wherein the movable covering further comprises a switched power source having a first pole connected to the low emissivity outer layer and a second pole connected to the high emissivity metallic coating of the temperature control;
wherein the movable covering further comprises a switched power source having a first pole connected to the low emissivity outer layer and a second pole connected to the high emissivity metallic coating of the temperature control; and
a DC power source functioning to draw together the low emissivity outer layer and the temperature control via an electrostatic force.
Description
FIELD OF THE INVENTION

The present invention relates to an improved device for controlling the effective emissivity of a surface by use of electrostatic attraction, which controls the thermal conductivity.

BACKGROUND OF THE INVENTION

Control of solar absorption and/or thermal emissivity is important for temperature control involving systems where radiation is the major heat control mechanism. Control of black body radiation and solar absorption, using spectrally selective coating, will help control the temperature. But, when the heat load varies, active control of the thermal radiation is needed. Coolants have been used to conduct heat to an external radiator and can be controlled to block, or to be open, to piping. Louvers are another alternative that can be used to open or close. With a louver in one position, the exposed surface will have a high emissivity; alternately when the louvers is in the other position, the exposed surface will have a lower emissivity and will radiate less heat. When radiators are fixed, as in present art, options including heat pipes, heat pump systems, capillary pump looped heat pipes and louvers can be effective but are expensive, heavy and bulky.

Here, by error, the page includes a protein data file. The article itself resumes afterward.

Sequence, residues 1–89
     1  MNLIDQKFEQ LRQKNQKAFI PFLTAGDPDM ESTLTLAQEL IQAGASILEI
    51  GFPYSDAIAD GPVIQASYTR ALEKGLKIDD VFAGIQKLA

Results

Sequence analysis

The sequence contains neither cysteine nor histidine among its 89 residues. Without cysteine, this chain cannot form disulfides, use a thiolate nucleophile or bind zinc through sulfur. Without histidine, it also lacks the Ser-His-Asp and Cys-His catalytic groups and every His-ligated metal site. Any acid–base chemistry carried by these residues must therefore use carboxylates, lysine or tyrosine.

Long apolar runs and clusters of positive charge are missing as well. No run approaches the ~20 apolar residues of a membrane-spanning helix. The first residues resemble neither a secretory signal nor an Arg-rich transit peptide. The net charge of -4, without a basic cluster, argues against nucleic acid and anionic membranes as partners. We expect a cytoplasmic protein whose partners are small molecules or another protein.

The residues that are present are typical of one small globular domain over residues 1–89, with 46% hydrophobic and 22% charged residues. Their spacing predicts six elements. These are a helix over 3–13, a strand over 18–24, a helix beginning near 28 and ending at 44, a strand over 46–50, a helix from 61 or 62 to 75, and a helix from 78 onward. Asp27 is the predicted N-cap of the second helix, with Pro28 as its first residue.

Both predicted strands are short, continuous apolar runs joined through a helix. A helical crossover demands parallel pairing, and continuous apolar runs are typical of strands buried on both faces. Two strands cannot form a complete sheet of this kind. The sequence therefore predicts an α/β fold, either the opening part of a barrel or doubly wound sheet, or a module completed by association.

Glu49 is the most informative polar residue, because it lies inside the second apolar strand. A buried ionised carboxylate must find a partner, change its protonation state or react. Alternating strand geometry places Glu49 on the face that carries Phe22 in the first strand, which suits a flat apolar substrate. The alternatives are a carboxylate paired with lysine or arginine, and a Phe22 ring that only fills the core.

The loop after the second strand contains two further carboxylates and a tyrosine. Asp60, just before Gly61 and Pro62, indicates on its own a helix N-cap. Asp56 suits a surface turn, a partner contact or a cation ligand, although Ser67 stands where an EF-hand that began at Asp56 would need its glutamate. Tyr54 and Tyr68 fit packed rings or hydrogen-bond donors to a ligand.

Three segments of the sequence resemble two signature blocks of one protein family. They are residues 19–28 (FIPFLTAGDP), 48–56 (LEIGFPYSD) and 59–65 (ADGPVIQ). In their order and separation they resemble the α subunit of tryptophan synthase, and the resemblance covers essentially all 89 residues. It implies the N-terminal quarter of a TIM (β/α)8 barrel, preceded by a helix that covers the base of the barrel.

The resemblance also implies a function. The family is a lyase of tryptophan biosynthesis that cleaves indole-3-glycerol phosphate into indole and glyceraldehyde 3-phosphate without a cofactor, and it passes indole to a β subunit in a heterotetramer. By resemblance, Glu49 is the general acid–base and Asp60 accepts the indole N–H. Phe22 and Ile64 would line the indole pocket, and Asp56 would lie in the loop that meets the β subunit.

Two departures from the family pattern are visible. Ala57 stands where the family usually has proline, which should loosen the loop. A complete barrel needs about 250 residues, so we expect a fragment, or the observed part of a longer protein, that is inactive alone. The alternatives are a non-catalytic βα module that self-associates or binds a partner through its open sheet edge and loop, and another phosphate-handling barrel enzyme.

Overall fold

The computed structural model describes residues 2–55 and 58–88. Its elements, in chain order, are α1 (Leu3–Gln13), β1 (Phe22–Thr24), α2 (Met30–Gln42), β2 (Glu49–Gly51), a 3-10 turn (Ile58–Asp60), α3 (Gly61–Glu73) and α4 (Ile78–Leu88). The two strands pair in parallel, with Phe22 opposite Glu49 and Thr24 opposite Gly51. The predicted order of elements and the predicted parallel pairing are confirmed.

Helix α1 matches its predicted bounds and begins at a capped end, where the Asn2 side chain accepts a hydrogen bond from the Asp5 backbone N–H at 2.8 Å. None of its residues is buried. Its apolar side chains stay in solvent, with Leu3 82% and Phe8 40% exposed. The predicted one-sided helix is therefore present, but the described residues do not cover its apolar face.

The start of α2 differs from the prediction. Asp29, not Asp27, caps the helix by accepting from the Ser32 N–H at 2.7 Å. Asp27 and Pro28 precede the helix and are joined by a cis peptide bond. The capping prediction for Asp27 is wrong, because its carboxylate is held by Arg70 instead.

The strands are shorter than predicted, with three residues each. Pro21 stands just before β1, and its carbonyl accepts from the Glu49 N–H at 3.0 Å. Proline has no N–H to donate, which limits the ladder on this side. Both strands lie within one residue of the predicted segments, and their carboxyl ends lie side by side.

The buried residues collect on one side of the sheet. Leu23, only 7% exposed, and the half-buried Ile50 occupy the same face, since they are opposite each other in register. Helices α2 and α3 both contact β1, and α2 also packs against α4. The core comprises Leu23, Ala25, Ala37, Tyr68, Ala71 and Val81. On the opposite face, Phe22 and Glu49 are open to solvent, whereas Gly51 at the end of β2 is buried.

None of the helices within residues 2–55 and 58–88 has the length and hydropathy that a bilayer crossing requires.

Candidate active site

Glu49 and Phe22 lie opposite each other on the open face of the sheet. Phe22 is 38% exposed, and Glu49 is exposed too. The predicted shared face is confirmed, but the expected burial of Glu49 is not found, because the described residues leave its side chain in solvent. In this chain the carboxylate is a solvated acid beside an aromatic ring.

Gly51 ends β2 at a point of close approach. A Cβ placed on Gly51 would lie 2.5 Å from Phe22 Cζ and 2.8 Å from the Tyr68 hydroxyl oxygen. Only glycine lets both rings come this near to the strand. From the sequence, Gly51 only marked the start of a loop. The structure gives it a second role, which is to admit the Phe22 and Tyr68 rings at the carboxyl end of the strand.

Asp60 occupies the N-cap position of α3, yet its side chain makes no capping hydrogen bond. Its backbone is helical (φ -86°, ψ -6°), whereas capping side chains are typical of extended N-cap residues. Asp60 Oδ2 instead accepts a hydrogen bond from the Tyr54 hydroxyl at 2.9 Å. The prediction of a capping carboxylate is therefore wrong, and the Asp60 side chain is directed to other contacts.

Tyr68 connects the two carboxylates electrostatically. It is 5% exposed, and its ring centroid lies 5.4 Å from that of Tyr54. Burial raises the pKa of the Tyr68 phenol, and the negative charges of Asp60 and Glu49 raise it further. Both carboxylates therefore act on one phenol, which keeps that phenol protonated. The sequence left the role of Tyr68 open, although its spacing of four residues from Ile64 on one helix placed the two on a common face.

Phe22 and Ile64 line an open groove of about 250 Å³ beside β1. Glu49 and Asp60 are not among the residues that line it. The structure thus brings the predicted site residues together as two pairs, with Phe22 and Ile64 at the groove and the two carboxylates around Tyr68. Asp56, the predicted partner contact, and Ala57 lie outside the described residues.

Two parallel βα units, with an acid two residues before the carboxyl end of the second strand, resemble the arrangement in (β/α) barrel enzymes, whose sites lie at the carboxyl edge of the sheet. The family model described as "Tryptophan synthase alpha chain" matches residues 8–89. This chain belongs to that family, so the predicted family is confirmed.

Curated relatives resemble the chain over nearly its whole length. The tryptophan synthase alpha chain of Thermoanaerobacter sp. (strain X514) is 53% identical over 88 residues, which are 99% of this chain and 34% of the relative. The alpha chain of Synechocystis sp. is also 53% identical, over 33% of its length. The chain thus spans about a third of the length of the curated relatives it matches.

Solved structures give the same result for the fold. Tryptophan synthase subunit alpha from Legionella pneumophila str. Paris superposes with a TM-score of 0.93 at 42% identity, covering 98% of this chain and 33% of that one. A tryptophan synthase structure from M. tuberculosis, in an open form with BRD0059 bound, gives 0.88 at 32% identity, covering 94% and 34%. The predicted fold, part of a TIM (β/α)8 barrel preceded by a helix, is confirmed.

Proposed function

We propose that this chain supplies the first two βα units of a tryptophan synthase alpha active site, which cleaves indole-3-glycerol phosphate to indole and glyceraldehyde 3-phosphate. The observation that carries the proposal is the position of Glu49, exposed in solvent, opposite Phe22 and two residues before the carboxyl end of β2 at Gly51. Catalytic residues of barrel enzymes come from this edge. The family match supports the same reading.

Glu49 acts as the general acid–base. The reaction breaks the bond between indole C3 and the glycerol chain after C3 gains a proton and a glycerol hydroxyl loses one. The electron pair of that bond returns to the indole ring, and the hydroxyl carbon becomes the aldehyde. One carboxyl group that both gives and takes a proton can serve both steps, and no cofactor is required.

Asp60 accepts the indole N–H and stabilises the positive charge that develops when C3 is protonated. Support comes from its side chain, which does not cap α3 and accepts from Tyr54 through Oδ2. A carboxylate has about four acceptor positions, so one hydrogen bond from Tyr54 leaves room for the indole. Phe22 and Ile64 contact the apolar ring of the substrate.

Electrostatic forces have been used previously in various applications.

U.S. Pat. No. 4,665,463 (1986) to Ward et al. describes an electrostatic chuck for holding a semiconductor wafer, comprising a dielectric layer on a supporting electrode. A potential is applied between the wafer and the electrode and the dielectric is loaded with thermally conductive material to improve dissipation of heat generated in the wafer during a processing treatment such as exposure to an electron beam.